From Rev. Barbara’s Couch: June 2021

 I write this column on May 20, which, among other things, is World Bee Day. 

Bees, as you probably know, are in trouble. U.S. National Agricultural Statistics show a honey-bee decline from about 6 million hives in 1947 to 2.68 million hives in 2017. In the U.S., the number of bee colonies per hectare has declined by 90 percent since 1962. A 2019 report by the Food and Agriculture Organization of the United Nations says that “Bees and other pollinators are declining in abundance in many parts of the world largely due to intensive farming practices, mono-cropping, excessive use of agricultural chemicals and higher temperatures associated with climate change, affecting not only crop yields but also nutrition. If this trend continues, nutritious crops such as fruits, nuts, and many vegetables will be substituted increasingly by staple crops like rice, corn, and potatoes, eventually resulting in an imbalanced diet.” And bees are essential to life: a paper published in 2014 by the Yale School for the Environment estimates that, “One of every three bites of food eaten worldwide depends on pollinators, especially bees, for a successful harvest.” None of this is encouraging. 

But this morning I came across a wonderful article from the National Geographic with the intriguing title, “Flowers can hear buzzing bees – it makes their nectar sweeter.” “Hear”, of course, may not literally be what happens, as the article later explains, but there is some response mechanism. It may be some form of chemical reaction, or some sensitivity to the vibrations of the pollinator’s wings. But when the bee is around, the nectar the plant produces very quickly gets much sweeter to attract the bee, which helps both the bee and the flower. There is ample evidence of communication between plants, and of a response to external stimuli by plants, both to attract favorable things (like pollinators) and to repel unfavorable things (like harmful insect pests). But here’s a direct response between the bee and the flower, completely different species! Somehow, it’s heartening to me to know that even as the bee population declines due to human actions, the plants themselves have ways of making themselves more attractive to bees and other pollinators, ways of helping them to find food even as the pollinators help the plants to propagate.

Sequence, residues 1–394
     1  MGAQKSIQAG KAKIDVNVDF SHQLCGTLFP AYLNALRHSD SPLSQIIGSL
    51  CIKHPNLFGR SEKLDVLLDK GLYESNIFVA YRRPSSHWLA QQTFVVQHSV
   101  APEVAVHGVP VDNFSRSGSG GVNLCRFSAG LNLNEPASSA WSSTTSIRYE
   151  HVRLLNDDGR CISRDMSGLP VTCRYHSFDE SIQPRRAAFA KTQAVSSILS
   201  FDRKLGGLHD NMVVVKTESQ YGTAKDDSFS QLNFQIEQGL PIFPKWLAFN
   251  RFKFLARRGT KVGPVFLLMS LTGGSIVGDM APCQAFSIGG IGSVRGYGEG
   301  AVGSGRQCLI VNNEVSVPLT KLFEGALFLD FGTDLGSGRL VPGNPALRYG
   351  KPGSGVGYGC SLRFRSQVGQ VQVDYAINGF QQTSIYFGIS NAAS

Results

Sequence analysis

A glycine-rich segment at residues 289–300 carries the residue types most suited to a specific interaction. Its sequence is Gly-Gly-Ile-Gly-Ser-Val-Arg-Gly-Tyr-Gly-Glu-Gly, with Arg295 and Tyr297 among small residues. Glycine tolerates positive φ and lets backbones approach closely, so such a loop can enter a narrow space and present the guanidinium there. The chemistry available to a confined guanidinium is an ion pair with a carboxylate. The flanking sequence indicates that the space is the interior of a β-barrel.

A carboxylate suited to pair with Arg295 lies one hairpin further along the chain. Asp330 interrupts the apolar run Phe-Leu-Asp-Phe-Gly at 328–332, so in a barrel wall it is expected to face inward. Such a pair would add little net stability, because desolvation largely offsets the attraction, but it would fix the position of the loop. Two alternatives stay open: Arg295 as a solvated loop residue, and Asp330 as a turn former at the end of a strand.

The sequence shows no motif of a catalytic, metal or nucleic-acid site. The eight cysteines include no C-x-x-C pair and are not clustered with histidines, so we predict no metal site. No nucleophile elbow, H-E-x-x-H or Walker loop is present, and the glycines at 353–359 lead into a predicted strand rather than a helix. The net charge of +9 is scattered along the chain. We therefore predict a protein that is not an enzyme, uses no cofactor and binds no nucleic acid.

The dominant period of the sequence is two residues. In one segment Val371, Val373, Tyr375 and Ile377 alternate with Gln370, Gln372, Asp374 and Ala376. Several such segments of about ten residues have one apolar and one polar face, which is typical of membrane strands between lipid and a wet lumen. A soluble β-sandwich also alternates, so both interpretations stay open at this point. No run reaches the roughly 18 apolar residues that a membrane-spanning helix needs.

That impulse to assist one another, whether it’s an instinctive chemical reaction or a willingness to go out of one’s way to help a neighbor, is everywhere. Yes, there are insects that eat plants (and plants that eat insects). And there are people who prey on their neighbors, or even try to exterminate them. But those are not the only forces or impulses in the world. There are those which bend toward cooperation and compassion too. And today, on World Bee Day, I want to focus on them, be part of those forces which help make this one very tiny corner of the world healthier. I think I’ll help the bees. Our bee balm (one of my daughter’s favorite flowers) isn’t anywhere near blooming yet, but I’ll bet I can find some sweet alyssum at the local nursery.

While you won’t be reading this until several days after World Bee Day, I don’t think the bees have any interest in our human calendar anyway. So Happy World Bee Day – and what will you do today to make some part of the world a bit more healthy, or a bit more whole?

Shalom and Salaam,
Rev. Barbara